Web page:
That “Perfect” look: Image Obsession in Korea

That “Perfect” look: Image Obsession in Korea

By Sarah Clow

In a country where plastic surgery is common place, measuring and weighing candidates at interviews is practised and pop stars are revered—it is not an understatement to say that Koreans are image obsessed. I spent slightly more than a year in Korea and made some interesting observations regarding attitudes toward appearance while I was there.

Arriving in Korea was daunting. Although I am fairly well traveled, I was unprepared for the stares, finger pointing and jaw dropping. Being tall and blonde, it is somewhat difficult to blend in and your daily presence in the country never goes unnoticed. An advantage is the near celebrity status you are granted. One student even told me she thought I was an American movie star. The disadvantage is not possessing the innate porcelain skin that refuses to age (at least until you’re 70) or 24 – 20 – 24 measurements that the Koreans have been blessed with. As such, it is necessary to put up with the barrage of comments about your age and weight. “Twenty-five? Oh really? I think Asians is look much younger,” was the response of one charmer who jumped out of his car just to speak to me. Koreans certainly seem to have no qualms about telling you you look pregnant or tired (old) and to put up with such comments can at times become tiring.

“Teacher, you have baby?”

“No, why?”

“Your stomach is out.”

With such brutal honesty, Koreans are constantly competing with each other to make sure they don’t fall under the radar of insults. I was unsurprised but slightly alarmed recently to find out that a Korean friend of mine had been weighed and measured at a job interview and that this wasn’t the first time it had happened. Had she been applying to be a model, I could have understood, but hospitality? Surely not!

Korean girls are constantly trying to lose weight to achieve eating disorder proportions and with such a strong culture of worshiping celebrities, it is hardly surprising. Before going to Korea I had heard of its people’s penchant for going under the knife. I tried to do some research, but the Internet threw back contradicting results so I decided to do my own little market research in the classroom. My 10-12 year old middle school girls, when asked, replied that most of them would have cosmetic surgery. More worrying is that of these, many had already negotiated procedures with their parents for when they turn 16. Apparently winter vacation provides ample time to recover from a nose job or single eyelid surgery. One girl stated that she was getting a nose job when she turned eighteen, along with her brother and cousin, perhaps hoping to get a family discount. Most high school girls therefore know a handful of people who have gone under the knife for a bigger nose or bigger eyes (and are commonly lured with discount coupons by plastic surgery clinics around graduation time). A big nose, which seems undesirable in the Western world, holds more meaning in Korea. Let’s just say that if we say the bigger the feet, the bigger the….shoes, then the Koreans say the bigger the nose, the bigger the …….. handkerchief. I guess a nose job for a male is the equivalent of the flash sports car in England. Western males who were once bullied at school for their conks, can expect a more appreciative reception in Korea.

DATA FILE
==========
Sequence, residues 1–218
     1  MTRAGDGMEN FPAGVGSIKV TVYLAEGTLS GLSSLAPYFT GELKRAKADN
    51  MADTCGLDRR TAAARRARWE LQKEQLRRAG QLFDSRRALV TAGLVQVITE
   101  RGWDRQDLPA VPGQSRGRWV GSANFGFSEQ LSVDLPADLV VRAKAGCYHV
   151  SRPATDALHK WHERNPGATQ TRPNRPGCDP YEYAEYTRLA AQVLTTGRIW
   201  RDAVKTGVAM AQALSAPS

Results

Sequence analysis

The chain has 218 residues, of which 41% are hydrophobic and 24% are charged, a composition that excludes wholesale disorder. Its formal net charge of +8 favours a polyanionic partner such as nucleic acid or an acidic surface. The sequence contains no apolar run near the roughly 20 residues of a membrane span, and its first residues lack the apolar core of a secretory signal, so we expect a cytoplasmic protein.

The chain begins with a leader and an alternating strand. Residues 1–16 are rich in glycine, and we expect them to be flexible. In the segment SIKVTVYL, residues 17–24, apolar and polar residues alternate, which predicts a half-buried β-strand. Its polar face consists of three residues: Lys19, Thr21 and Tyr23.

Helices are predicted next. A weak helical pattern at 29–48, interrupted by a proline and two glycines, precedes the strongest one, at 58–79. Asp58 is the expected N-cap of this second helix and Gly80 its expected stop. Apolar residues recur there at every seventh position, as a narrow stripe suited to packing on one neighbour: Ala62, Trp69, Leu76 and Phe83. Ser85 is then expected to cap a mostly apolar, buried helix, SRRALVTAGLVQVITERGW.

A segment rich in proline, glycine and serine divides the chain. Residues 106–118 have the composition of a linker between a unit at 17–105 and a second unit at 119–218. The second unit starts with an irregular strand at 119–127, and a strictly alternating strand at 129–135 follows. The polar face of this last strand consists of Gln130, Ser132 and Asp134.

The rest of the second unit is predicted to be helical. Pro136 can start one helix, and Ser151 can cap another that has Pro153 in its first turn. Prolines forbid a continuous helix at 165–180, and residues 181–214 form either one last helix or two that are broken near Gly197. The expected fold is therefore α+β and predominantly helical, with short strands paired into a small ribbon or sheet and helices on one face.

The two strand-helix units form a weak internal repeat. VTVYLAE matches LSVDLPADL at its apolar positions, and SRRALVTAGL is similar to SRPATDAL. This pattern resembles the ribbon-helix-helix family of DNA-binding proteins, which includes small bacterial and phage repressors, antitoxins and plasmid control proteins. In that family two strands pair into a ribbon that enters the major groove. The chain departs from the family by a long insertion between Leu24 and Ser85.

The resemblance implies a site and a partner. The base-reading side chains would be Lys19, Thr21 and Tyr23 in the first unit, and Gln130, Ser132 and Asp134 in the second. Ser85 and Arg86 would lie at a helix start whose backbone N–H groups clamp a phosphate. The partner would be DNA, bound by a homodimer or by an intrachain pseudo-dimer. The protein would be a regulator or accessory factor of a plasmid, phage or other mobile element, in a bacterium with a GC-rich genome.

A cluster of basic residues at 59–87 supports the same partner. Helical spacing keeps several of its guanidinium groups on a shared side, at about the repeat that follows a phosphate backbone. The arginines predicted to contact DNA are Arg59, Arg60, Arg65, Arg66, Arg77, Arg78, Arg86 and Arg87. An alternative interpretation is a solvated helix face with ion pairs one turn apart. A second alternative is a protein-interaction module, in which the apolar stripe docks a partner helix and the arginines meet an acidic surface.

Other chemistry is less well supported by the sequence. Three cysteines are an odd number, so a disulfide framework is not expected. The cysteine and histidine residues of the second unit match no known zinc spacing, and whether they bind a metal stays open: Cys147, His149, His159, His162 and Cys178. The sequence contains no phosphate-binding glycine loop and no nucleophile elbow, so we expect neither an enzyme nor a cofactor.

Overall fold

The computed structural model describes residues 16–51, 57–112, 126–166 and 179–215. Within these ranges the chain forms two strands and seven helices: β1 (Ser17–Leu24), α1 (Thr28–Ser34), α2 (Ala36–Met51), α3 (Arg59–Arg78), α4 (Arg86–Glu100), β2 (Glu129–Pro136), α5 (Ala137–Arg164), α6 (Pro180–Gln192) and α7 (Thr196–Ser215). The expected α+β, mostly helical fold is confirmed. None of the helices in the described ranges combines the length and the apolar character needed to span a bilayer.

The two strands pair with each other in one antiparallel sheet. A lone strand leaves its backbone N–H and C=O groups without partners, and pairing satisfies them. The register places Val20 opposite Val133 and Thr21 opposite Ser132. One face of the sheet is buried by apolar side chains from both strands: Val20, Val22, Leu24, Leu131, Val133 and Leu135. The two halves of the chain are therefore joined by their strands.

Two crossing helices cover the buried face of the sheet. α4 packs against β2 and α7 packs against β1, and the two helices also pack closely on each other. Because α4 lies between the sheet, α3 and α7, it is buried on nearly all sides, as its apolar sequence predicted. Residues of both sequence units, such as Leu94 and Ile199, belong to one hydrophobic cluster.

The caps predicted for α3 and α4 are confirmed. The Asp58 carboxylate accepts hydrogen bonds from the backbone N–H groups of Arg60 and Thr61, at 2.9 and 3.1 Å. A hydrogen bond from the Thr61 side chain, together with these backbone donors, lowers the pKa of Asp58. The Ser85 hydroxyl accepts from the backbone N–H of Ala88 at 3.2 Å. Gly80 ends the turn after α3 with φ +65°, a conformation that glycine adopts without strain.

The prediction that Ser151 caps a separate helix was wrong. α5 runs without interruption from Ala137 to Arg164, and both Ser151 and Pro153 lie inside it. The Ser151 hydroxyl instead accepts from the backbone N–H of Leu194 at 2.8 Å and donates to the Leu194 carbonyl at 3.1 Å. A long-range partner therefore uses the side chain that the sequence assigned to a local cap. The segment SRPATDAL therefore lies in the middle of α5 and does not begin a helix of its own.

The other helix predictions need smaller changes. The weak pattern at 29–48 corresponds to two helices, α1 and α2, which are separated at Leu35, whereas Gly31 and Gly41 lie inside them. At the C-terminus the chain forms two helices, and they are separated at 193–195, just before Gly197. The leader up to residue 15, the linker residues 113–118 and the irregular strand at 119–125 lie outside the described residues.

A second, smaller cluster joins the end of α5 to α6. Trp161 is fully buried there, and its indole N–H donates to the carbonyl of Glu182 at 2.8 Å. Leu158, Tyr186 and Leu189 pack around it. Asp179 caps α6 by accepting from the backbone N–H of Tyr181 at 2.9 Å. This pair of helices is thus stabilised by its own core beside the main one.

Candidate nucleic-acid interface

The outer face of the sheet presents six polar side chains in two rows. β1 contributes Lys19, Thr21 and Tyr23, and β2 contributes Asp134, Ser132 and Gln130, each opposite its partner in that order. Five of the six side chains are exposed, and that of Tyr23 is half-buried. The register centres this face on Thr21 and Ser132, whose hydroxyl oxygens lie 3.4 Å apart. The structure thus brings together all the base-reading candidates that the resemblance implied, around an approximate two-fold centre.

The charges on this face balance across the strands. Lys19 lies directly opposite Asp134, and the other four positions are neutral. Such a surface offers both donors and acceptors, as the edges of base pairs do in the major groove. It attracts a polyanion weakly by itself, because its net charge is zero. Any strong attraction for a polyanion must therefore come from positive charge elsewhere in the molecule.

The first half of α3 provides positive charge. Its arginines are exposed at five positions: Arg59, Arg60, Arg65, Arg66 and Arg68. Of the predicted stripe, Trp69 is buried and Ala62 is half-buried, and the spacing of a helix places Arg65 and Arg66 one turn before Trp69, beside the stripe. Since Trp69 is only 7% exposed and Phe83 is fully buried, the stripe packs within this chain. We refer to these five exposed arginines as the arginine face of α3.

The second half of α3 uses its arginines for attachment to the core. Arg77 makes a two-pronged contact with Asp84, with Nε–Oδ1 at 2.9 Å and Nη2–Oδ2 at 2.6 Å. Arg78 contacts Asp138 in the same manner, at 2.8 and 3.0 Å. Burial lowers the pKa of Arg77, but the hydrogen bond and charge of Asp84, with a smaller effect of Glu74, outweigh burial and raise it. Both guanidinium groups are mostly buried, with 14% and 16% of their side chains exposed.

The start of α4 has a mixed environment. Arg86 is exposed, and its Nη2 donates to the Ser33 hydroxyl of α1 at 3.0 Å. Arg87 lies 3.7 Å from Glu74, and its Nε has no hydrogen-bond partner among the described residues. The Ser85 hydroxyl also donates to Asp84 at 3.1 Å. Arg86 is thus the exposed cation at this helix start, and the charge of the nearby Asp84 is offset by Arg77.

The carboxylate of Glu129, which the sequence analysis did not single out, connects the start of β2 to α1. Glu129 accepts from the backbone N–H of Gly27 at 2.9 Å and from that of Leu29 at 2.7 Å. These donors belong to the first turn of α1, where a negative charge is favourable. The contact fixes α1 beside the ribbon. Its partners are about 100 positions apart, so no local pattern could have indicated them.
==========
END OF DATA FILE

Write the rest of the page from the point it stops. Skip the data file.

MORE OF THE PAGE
Being a Westerner in such an environment can be challenging at times. Passport photos are judged in the place of teaching qualifications, meaning that many teachers are presentable but also unqualified. A friend of mine even had to choose the school’s next foreign teacher on this basis and when she asked to see their CV, was told “Oh, it’s okay. Just picture.” Koreans are also fussy about their Westerners; they don’t just want anyone teaching them after all. It should be someone they can relate to: i.e. a celebrity. One friend of mine was greeted at the airport by sighs and a disappointed face. “But the children want you to look like a celebrity. Oh well, at least you have a pretty face,” is probably not the ideal way to be greeted by your director but a baptism of fire nonetheless. Being blonde helps to an extent, until they believe you to be Russian and therefore a prostitute (well obviously). Another unfortunate English friend of mine who left her apartment without her alien card was thrown onto the prostitute bus until she could talk her way out of her predicament. “Russian anneyo! Yonguk! Seonsaengnim!”

Of all the image obsessions in Korea, my favourite has to be their desire for smaller heads, believing themselves to have colossal ones. As a Korean friend of mine put it “Westerns have very big bodies but small heads and Koreans have very big heads but very small bodies”. I even caught students in my classroom measuring my head against my body from a distance to make sure there was an approximate ratio of six heads to my one body. When looking through my secretary’s wedding album, in which I made a brief appearance, the other secretary ran into my classroom to give me the good news “Sarah, your head is small size!”

Although I found much of the image obsession ridiculous, it isn’t always easy to brush off the honest remarks. The very same Korean friend who talked about head to body ratio described me as “beautiful and gorgeous” but “not slim” (as if I needed reminding in Korea). Still, at least he didn’t mention the size of my head!

Many believe Asians want to look more Western, but judging by my reception, I’d say they’d take their skin and measurements over mine any day!

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